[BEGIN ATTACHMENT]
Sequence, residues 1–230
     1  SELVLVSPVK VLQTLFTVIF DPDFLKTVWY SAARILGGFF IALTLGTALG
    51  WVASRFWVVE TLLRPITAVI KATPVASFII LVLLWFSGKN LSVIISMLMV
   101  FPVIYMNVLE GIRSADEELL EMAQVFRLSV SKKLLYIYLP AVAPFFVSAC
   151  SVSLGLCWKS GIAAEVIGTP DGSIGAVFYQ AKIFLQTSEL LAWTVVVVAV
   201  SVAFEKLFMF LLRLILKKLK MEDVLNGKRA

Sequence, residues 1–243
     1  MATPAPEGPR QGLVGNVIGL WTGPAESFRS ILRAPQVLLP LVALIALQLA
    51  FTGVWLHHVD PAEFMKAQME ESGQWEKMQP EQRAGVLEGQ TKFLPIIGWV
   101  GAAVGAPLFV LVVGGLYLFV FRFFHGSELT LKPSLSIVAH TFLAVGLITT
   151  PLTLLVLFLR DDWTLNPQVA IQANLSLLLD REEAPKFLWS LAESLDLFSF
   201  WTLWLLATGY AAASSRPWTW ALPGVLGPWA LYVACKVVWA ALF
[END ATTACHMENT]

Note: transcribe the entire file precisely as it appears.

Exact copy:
Sequence, residues 1–230
     1  SELVLVSPVK VLQTLFTVIF DPDFLKTVWY SAARILGGFF IALTLGTALG
    51  WVASRFWVVE TLLRPITAVI KATPVASFII LVLLWFSGKN LSVIISMLMV
   101  FPVIYMNVLE GIRSADEELL EMAQVFRLSV SKKLLYIYLP AVAPFFVSAC
   151  SVSLGLCWKS GIAAEVIGTP DGSIGAVFYQ AKIFLQTSEL LAWTVVVVAV
   201  SVAFEKLFMF LLRLILKKLK MEDVLNGKRA

Sequence, residues 1–243
     1  MATPAPEGPR QGLVGNVIGL WTGPAESFRS ILRAPQVLLP LVALIALQLA
    51  FTGVWLHHVD PAEFMKAQME ESGQWEKMQP EQRAGVLEGQ TKFLPIIGWV
   101  GAAVGAPLFV LVVGGLYLFV FRFFHGSELT LKPSLSIVAH TFLAVGLITT
   151  PLTLLVLFLR DDWTLNPQVA IQANLSLLLD REEAPKFLWS LAESLDLFSF
   201  WTLWLLATGY AAASSRPWTW ALPGVLGPWA LYVACKVVWA ALF